Effects of season and man-made changes on baseflow and flow recession: case studies

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Discharge hydrographs of rivers carry the cumulated information on the various hydrological processes in catchments and the influences imposed on them. From the analysis of observed baseflow recessions, direct and groundwater flow can be separated and time series of the main components of the underlying groundwater balance, namely discharge, evapotranspiration losses, abstractions, storage and recharge, can be derived. This inverse, or downward, approach was applied to daily streamflow data of rivers in different climate zones (Germany, Western Australia, Turkey) under different influences. The mostly shallow, unconfined aquifers were found to react as nonlinear reservoirs and an appropriate recession function was used instead of the traditional exponential function of the linear reservoir. However, though the actual storage-discharge relationships of aquifers will hardly change, flow recession properties are subject to seasonal variation and changes due to evapotranspiration and other fluxes and abstractions from the groundwater. As demonstrated in the case studies, recession analysis and baseflow separation permits the detection and quantification of these changes. In a separate application, the method is used to identify groundwater flow intruded into leaky sewer lines. Copyright © 2003 John Wiley & Sons, Ltd.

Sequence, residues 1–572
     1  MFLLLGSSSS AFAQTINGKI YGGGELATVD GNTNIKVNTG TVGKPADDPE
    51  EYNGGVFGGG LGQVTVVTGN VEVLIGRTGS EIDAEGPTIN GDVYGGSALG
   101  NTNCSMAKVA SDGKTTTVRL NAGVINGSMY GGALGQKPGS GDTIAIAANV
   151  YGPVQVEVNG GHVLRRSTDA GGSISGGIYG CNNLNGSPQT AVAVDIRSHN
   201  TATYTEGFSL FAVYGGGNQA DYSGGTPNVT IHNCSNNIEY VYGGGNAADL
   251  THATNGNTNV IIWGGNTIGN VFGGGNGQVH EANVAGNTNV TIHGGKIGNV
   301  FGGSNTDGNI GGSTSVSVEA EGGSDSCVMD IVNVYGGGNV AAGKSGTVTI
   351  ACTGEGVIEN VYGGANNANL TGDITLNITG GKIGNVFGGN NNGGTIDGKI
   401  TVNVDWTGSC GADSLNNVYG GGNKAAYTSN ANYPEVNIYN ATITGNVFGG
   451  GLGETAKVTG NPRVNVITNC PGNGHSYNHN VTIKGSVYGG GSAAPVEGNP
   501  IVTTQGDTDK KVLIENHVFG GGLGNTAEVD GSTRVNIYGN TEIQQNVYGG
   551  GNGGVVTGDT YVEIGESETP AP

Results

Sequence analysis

Original languageEnglish
JournalHydrological Processes
Issue number11
Pages (from-to)2113-2123
Number of pages11
Publication statusPublished - 15.08.2003